Last Updated on October 3, 2019, by eNotes Editorial. Word Count: 814
Volf focuses particularly on God’s call addressed to the biblical patriarch Abraham to leave the land of his fathers and to go to the Promised Land. From the point of view of the New Testament, Abraham is not only the progenitor of the Jewish people but also the spiritual father of all those who believe in Christ. Volf states that the core of every Christian’s identity is departure from a given culture: that is, they become a stranger in the world in response to Jesus’s call, which excludes them from former allegiances. Volf considers Abraham’s calling as he engages with two opposite philosophical positions.
The first one, that of some postmodern thinkers such as Gilles Deleuze, advocates a “nomadic” approach to existence. However, it is radically different from what Abraham is called to do. While Abraham’s call is very specific in terms of the points of departure and destination, as well as the promise that is affixed to the call, the “nomads” of postmodernism roam from place to place without direction. Volf explains,
Departure is here a temporary state, not an end in itself; a departure from a particular place, not from all sites... And this is the way it must be if the talk about departures is to be intelligible. Departures without some sense of an origin and a goal are not departures; they are instead but incessant roaming . . . (chapter 1)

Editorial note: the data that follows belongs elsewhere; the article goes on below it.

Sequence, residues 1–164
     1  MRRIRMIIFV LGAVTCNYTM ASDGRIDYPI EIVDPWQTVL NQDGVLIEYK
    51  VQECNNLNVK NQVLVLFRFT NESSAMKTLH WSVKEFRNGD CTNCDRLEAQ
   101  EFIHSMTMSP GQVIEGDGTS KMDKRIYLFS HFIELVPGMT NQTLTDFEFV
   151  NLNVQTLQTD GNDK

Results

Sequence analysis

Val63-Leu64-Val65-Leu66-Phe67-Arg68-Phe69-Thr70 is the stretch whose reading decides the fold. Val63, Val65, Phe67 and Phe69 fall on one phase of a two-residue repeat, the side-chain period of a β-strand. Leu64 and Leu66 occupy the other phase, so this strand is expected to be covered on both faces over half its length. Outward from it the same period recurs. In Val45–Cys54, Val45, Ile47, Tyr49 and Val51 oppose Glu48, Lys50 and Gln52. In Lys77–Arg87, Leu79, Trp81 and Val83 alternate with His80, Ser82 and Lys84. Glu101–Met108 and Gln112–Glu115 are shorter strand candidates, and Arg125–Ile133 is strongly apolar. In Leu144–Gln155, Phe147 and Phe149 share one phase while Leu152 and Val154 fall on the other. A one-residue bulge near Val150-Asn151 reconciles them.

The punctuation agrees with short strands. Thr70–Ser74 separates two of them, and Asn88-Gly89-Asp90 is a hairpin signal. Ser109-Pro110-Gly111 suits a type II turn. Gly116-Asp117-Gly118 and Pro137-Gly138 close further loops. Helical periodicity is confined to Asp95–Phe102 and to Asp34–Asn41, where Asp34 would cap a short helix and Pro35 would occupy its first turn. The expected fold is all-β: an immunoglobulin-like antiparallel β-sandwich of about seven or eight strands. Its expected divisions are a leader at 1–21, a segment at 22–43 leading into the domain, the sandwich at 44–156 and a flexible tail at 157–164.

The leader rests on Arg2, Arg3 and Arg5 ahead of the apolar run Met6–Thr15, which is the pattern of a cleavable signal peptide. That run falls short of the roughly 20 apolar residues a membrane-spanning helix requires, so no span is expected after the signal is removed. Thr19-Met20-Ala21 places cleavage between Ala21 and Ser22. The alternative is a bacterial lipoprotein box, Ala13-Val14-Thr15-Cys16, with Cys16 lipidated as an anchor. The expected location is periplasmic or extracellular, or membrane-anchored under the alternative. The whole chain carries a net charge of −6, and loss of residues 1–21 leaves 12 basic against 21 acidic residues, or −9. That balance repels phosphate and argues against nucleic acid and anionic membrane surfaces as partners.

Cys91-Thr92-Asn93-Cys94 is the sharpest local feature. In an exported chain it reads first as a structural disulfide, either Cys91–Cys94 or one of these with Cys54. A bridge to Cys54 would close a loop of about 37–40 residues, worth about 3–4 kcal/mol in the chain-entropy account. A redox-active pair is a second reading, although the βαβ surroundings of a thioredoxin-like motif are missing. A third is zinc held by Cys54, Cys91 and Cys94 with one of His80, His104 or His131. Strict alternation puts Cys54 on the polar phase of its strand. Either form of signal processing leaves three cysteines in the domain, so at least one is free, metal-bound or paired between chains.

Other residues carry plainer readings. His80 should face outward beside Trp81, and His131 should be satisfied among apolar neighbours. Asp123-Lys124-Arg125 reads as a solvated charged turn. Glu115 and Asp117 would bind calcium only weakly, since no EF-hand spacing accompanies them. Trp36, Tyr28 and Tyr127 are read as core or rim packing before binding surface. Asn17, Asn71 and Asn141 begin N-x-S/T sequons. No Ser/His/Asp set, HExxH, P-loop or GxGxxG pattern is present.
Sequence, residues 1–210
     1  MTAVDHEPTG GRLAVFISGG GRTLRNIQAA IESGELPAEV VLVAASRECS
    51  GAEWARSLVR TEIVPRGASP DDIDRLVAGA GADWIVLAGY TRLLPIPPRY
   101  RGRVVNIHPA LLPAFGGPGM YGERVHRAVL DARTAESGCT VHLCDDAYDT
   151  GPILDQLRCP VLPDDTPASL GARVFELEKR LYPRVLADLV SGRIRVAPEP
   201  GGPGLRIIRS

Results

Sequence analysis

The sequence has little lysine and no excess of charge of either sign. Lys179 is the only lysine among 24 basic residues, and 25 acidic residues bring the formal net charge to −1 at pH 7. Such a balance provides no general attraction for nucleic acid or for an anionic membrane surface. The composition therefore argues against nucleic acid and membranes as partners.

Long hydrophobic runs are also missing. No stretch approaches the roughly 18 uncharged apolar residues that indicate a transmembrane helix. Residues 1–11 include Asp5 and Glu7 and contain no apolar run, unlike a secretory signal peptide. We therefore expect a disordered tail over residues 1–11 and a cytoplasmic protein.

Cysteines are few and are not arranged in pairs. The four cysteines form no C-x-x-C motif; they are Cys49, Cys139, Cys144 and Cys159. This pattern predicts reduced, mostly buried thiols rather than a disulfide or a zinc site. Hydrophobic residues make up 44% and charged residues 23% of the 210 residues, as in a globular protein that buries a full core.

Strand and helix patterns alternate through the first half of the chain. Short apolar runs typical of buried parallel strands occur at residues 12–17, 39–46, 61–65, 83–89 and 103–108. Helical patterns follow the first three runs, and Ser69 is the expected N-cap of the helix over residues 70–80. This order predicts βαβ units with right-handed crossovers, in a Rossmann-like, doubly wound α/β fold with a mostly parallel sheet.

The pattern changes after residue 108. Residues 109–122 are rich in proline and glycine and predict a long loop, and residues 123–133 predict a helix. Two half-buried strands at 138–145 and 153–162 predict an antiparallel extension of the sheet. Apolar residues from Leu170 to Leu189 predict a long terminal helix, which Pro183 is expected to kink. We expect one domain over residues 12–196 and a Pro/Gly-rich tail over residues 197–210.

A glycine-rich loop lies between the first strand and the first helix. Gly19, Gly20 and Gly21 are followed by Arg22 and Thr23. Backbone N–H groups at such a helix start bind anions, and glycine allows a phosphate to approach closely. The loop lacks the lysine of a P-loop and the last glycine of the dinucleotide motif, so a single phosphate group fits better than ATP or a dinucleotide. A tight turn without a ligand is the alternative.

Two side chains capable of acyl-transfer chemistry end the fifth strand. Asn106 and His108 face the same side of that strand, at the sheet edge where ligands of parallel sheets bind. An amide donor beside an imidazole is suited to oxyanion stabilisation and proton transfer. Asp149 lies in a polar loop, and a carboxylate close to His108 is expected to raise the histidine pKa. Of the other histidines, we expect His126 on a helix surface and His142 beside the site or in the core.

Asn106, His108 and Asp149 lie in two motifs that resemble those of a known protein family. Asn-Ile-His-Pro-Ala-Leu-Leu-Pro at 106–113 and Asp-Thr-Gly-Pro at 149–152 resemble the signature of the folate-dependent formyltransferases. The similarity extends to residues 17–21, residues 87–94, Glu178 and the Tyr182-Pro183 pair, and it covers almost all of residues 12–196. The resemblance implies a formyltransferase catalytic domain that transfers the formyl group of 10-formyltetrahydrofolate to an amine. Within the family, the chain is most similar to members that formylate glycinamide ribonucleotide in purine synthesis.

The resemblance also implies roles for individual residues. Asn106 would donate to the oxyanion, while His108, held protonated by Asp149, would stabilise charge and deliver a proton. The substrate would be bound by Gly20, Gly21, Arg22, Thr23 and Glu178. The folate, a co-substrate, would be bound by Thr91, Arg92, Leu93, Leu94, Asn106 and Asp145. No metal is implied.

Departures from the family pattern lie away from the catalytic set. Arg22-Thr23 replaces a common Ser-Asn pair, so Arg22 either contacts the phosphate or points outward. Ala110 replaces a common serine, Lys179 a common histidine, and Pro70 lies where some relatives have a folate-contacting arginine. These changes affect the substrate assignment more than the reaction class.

The second position, that of some feminist thinkers, would disapprove of Abraham on the following grounds:
Abraham could appear as a paradigmatic male, eager to separate himself . . . to secure his independence and glory . . . crush those who resist him . . . be benevolent to those who praise him . . . and finally extend his power to the ends of the earth . . . (chapter 1)
Volf believes that Abraham’s departure does not equal a denial of relations. He is bound first to God and then to a new community which is formed around him. He is both transcendence and immanence. Not only does he depart, he also generates a new nation and a new history.
Volf writes that “no other biblical text describes better the anatomy, dynamics, and power of exclusion than the story of Cain and Abel” (chapter 2). Fittingly, then, focuses on the power and identity struggles that the relationship between the brothers is fraught with. Cain’s identity is constructed in relation to Abel from the very beginning. Once God pronounces Abel “better” and his sacrifice more “acceptable,” Cain is faced with the choice either to radically readjust his own identity or (in his logic) to eliminate Abel. By killing Abel, Cain not only loses his brother; he excludes himself from the possibility of belonging, as he is banished from the land. However, Cain is not simply a paradigmatic murderer. He is also the progenitor of the Kenites, a southern tribe excluded from the blessings of Israel:
The story of Cain and Abel is then not only an example of rivalry between two brothers, but it narrates the structure of encounter between “them” and “us” . . . (chapter 2)
The story about Cain and Abel is one about otherness. Each one of us is potentially Abel and Cain both:
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